This means that you assign yourself tasks with deadlines and you make a strong, honest effort to meet those deadlines. Don’t blame anyone other than yourself for missing a deadline. By assuming fault, you give yourself the power to adjust and correct. Be realistic about how long a task might take when setting deadlines; you want to set yourself up for success.

Another way to help keep yourself accountable is to work with other people. There is an added sense of obligation when someone else is expecting you to complete a task. That someone else could be a co-worker, bandmate, friend, or mentor. A mentor is an experienced or trusted advisor who is willing to meet with you every so often to assess your plan and progress. Finding a good mentor is difficult, but if you are able to, they can be an invaluable asset.

Action Item: Create a rewards system for reaching your goals. Maybe every time you add 100 emails to your mailing list, you get to buy yourself a new guitar pedal!

Tip # 5 - Be Persistent

“It’s not that I’m so smart, its just that I stay with problems longer.” - Albert Einstein.

Cultivating a sustainable career in the music biz takes time. Be patient, be persistent. We tend to overestimate our one month potential and underestimate our ten year potential. Read that last sentence again.

Simply, do not stop until you have achieved what you desire. The only way to guarantee your failure is to cease your efforts.


My advice to aspiring musicians who want to have successful careers in music starts with immersing yourself in the industry. Your network can be such a strong asset that it alone can determine your success. Next, it is helpful to know exactly what you're trying to accomplish, and how you’re going to accomplish it. Define clear goals and create a plan. As you start executing your plan, track and monitor your progress. This will help you hold yourself accountable for actually doing the work of building a career. Finally, be persistent. Don’t stop until you have achieved your goals!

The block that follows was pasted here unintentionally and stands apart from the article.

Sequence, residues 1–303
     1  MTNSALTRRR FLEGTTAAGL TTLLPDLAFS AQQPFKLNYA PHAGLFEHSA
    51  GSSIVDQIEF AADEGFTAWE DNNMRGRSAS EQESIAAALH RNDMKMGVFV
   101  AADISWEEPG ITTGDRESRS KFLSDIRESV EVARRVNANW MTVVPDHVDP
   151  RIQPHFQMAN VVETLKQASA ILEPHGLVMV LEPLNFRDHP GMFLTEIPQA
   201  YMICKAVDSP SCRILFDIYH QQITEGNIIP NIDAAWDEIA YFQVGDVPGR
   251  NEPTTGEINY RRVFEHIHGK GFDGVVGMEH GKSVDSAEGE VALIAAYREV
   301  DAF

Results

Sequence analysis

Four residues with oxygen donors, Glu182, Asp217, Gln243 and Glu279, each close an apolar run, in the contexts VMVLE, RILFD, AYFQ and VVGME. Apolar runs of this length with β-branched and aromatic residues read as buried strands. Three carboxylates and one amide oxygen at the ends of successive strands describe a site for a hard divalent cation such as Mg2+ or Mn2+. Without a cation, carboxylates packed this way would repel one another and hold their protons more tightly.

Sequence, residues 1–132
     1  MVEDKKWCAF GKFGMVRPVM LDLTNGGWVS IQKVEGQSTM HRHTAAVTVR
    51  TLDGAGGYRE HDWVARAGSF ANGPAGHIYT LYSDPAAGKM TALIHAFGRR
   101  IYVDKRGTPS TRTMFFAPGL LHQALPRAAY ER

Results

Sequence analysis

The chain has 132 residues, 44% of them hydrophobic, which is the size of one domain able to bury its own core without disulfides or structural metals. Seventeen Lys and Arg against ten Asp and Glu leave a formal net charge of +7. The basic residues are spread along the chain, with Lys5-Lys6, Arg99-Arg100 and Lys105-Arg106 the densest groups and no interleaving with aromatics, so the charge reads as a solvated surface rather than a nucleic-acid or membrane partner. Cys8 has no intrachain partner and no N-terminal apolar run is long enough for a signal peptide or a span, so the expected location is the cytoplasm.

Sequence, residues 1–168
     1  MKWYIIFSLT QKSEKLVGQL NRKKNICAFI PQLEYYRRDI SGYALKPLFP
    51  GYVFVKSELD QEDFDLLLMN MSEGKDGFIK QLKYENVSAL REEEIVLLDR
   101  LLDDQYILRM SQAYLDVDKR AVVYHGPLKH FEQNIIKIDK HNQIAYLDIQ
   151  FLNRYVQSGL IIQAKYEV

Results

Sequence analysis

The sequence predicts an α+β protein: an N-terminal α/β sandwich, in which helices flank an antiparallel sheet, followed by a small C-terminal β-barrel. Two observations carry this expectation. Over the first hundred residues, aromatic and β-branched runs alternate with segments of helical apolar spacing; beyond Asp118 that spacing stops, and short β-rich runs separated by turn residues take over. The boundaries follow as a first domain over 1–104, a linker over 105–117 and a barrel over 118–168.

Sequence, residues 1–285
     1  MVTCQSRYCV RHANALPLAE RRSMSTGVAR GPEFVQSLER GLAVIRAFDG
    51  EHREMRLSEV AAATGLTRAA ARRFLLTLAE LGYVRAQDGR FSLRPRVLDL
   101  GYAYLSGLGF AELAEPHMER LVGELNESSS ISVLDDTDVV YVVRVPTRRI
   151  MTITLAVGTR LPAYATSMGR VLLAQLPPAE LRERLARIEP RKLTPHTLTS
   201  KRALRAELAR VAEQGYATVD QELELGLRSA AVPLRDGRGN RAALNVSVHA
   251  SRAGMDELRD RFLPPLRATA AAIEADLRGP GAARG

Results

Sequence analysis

Things You Can Do Right Now:

  • Define your goals and write your plan

  • Join an online music group

  • Make friends who play music

  • Help other bands and artists by sharing their work

  • Contact venues to book shows or to get hired for production work

  • Attend shows and concerts

  • Contact studios and ask to take tours

  • Volunteer at or attend the Audio Engineering Society (AES) Convention or the NAMM show

  • Become involved in community or after-school music programs

  • Take music courses at your local college

  • Get a music-related degree or certification

  • Join community or student music organizations

  • Intern at a recording studio, record label, or publishing house

  • Apply for music industry jobs and follow up on your applications

  • Create a music blog, vlog, or podcast

  • Create a website and social media accounts to boost your online presence and exposure

  • Start a music-related business

I hope that this list provides you with some brain food to get your own plan of attack together. The music industry is not the easiest place to cultivate a sustainable career. It takes determination, passion, and time. But if you are committed, thoughtful, and capable of doing the work, it is possible to achieve a rewarding career and happy life in music.

Want to get started developing your music career right now? Download this Music Career Worksheet I made for you.


It is my goal to help you thrive as a musician. I hope you found this article helpful. If you have any questions or comments please drop me a line! Of course, if you need help with recording, mixing, or mastering your music, get a price quote here.


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I help artists capture pro-sounding recordings, mix and master them to commercial release quality, and make a meaningful impact on their listeners. People work with me because I understand the musical process from writing to recording to promotion to release (I’m a musician too!). Along the way I offer my 20 years of experience, access to professional studios and equipment, and my network of music industry pros to help you record and release awesome tracks, and further your development as an artist.